Author: Li, Jinyang
Title: Novel vibration control strategies using electromagnetic dampers : from fundamental to applications
Advisors: Zhu, Songye (CEE)
Degree: Ph.D.
Year: 2020
Subject: Vibration -- Control
Electromagnetic devices -- Design and construction
Damping (Mechanics)
Hong Kong Polytechnic University -- Dissertations
Department: Department of Civil and Environmental Engineering
Pages: xviii, 191 pages : color illustrations
Language: English
Abstract: Over the years, various types of dampers have been researched, designed, manufactured, and applied to existing structures to achieve favorable vibration control performances. One emerging type, namely, electromagnetic damper (EMD), has recently received an increasing research interest among scholars and engineers owing to its unique feature of transforming structural kinetic energy into electrical energy instead of heat dissipation. This transformation enables exciting possibilities that are previously inconceivable. On the one hand, the analogue relations shared between electrical and mechanical systems enable the efficient emulation of mechanical dampers by using their electrical counterparts. Given the compact sizes of electrical elements, complex and adaptive damper design can be realized within electrical domain which can be barely achieved mechanically. On the other hand, the transformed electrical energy can be potentially harvested and stored for other usages. This thesis proposes and systematically investigates two novel EMD designs, termed Designs I & II that emphasize the aforementioned two advantages. By taking advantage of the analogue relations between mechanical and electrical systems, the first design can realize versatile mechanical damper behaviors by using a single EMD connected to different shunt circuits. We explore the existence of motor inner resistance as a major obstacle preventing wide applications of existing EMDs, and solve the issue by introducing negative impedance converter with voltage inversion (VNIC) module. Consequently, we validate the feasibility and effectiveness of the established EMD-VNIC system (Design I) through the following two applications: (1) vibration isolation table test emphasizing tuneable behaviors; and (2) vibration control of a full-scale 135m-long bridge cable. Nonetheless, Design I still requires a certain amount of energy input to drive the VNIC module, which is unfavorable from an energy perspective. Considering that kinetic energy of the controlled structures can potentially serve as a power source, we subsequently propose a novel self-powered control strategy (i.e., Design II) that offers simultaneous energy harvesting and actuation functions. In addition to the introduction of system topology and working principles, we first deploy Design II to realize versatile damper behaviors that are comparable with those achieved by Design I. Next, Design II further realizes an authentic self-powered active control of a single degree of freedom (SDOF) system under skyhook control algorithm. The above findings show that Design II utilizes the to-be-dissipated energy to provide active control, which is different from conventional practice of continuously injecting energy into the system. Finally, we discuss the feasibility of large-scale application of the proposed EMDs together with another novel damper type called eddy current damper (ECD) with respect to the concept of damping density. We also proposed practical ways of enlarging the damping densities of EMDs and ECDs. The comparison results among EMDs, ECDs, and market-available existing viscous fluid dampers reveal the great potential of novel damper types to replace traditional dampers and confirm their feasibilities and scalability in large-scale structures. Through a combination of theoretical, numerical, and experimental studies, this thesis explores several innovative vibration control strategies by using the salient features of EMDs. The outcome facilitates the potential applications of these devices to future smart mechanical and civil structures.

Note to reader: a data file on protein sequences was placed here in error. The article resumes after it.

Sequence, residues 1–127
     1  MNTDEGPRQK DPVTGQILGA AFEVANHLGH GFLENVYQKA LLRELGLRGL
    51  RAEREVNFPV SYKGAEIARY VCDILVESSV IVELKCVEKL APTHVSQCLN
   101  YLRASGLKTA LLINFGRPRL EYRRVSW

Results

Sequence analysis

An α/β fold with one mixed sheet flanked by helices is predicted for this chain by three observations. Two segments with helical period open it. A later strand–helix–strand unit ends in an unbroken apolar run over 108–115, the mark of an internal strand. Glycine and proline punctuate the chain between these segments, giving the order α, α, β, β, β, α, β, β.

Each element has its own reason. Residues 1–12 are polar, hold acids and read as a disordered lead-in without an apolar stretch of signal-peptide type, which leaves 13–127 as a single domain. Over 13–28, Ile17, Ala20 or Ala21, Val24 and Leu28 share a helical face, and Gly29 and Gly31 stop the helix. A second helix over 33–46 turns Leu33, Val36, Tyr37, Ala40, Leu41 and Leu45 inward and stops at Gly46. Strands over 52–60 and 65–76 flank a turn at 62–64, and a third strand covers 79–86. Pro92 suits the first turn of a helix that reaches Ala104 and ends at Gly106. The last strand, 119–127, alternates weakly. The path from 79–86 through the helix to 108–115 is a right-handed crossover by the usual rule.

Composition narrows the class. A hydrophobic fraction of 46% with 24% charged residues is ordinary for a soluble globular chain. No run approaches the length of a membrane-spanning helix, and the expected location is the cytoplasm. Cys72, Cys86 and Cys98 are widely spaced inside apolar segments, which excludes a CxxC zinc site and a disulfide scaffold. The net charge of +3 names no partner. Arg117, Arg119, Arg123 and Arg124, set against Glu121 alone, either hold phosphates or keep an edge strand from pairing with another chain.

Rights: All rights reserved
Access: open access

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